E-Commerce’s recent evolution has largely qualified as smooth sailing, but it’s running into some strong headwinds in the form of new tax rules. In a recent FEI article titled Tax: A Critical Element of E-Commerce Success, my colleague David Deputy and I examine some of these challenges and how companies can address them.
Among the biggest impacts of what we describe in the article as a “perfect storm” for e-commerce:
Taxation of low-value cross-border transactions. Several countries, including Australia, are imposing sales tax on low-value cross-border sales. A similar type of trend is now discernible in the U.S. at the state level.
New tax rules based on the location of the consumer. In the U.S., the Supreme Court’s 2018 South Dakota v. Wayfair decision shifted nexus considerations for out-of-state transactions firmly toward the customer’s location. Global agreements are in place to use the residence of the consumer as the basis of the right to tax e-commerce, and many countries have already started to enact laws for remote collection of transaction taxes by nonresident sellers.
The ever-increasing complexity of sales tax laws. In the past decade, in the U.S. alone, there have been an average of 225 new sales taxes, 368 sales tax changes, and 593 new and changed sales tax rates per year. And then there are all the exemptions, tax holidays and product categorization rules to keep up with.
Transaction tax platforms can cut through the complexity and give retailers the support they need through the entire sales tax process, from collection through reporting. For example, they can ensure that you’re filling the right forms with the correct rates and product tax codes for each jurisdiction. They can also validate tax for each ship-to address and centralize your data so that you can manage audits more easily. In short, these solutions can help you steer safely around whatever tax turbulence might be on the horizon.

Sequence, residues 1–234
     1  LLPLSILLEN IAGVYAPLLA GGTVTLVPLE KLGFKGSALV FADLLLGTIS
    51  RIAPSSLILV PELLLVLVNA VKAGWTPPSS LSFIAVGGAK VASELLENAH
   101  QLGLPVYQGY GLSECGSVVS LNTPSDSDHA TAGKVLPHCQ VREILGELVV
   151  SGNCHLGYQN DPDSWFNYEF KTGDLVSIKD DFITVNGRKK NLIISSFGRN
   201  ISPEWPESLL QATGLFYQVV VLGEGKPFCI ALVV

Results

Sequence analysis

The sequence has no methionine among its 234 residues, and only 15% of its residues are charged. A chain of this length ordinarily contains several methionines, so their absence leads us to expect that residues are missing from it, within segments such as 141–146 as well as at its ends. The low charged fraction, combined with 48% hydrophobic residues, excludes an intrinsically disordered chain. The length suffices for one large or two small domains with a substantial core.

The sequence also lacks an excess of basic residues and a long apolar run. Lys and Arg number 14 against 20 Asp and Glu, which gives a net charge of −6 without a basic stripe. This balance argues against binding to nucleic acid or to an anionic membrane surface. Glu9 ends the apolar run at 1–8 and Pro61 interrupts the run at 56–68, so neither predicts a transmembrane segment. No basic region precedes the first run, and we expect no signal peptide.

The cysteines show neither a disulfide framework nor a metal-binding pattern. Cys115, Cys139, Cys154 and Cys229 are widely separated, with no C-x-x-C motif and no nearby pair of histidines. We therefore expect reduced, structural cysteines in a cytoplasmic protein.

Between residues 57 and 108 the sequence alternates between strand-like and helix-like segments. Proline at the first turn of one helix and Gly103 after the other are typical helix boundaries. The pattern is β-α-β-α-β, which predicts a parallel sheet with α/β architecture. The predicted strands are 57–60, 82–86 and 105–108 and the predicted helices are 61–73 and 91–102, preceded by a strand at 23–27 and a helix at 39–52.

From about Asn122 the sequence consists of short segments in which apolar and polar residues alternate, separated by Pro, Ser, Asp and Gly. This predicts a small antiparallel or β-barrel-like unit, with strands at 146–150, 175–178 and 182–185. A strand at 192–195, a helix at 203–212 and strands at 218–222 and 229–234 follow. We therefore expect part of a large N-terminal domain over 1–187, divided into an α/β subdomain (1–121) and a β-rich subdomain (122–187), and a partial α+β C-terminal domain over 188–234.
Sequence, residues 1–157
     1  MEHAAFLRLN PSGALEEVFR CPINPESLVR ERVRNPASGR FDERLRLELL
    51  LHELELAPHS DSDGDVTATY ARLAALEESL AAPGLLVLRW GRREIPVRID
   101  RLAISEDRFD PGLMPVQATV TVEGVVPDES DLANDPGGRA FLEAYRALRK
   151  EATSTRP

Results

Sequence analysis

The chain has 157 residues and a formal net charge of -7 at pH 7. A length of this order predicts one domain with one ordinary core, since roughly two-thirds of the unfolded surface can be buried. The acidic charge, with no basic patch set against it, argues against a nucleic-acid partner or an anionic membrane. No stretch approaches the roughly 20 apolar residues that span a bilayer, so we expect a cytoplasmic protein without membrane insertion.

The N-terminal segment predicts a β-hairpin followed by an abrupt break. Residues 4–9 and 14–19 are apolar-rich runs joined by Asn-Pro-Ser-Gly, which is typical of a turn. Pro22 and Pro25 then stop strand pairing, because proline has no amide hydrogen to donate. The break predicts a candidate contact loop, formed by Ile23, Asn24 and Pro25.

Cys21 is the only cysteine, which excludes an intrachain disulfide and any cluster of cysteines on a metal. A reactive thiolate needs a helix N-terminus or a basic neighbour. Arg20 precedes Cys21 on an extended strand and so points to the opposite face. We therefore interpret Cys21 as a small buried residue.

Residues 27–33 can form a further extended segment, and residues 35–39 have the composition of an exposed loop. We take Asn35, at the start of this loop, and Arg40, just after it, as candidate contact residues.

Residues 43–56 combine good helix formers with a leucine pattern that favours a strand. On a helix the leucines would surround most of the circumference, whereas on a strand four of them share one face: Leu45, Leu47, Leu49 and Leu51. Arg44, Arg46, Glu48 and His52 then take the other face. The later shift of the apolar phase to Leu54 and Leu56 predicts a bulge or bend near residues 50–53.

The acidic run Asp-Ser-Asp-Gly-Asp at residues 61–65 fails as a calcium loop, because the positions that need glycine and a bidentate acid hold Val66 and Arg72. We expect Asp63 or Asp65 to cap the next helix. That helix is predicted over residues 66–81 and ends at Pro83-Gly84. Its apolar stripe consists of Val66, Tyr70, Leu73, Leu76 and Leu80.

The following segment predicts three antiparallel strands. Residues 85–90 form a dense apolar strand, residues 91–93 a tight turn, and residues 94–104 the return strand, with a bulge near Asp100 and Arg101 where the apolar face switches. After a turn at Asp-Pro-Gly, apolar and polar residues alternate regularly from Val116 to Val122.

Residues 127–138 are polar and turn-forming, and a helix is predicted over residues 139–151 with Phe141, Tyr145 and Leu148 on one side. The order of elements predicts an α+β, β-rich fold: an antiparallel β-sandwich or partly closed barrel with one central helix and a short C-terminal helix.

Please remember that the Tax Matters provides information for educational purposes, not specific tax or legal advice. Always consult a qualified tax or legal advisor before taking any action based on this information.
Chris Livingston is director of operations for Vertex Cloud, managing customer implementation processes, as well as the development of connectors to mid‐market ERP and ecommerce platforms. Throughout his career, Chris has held positions in finance, software development, product management and operations. He received his B.B.A. in finance from Pace University and is certified in project management, database management and business analysis.
A lot has changed since Vertex published our Retail Tax and E-Commerce: What You Need to Know white paper a few years ago. Some important tax challenges have remained exactly the same. What's different? The volume of online sales has increased in staggering fashion.
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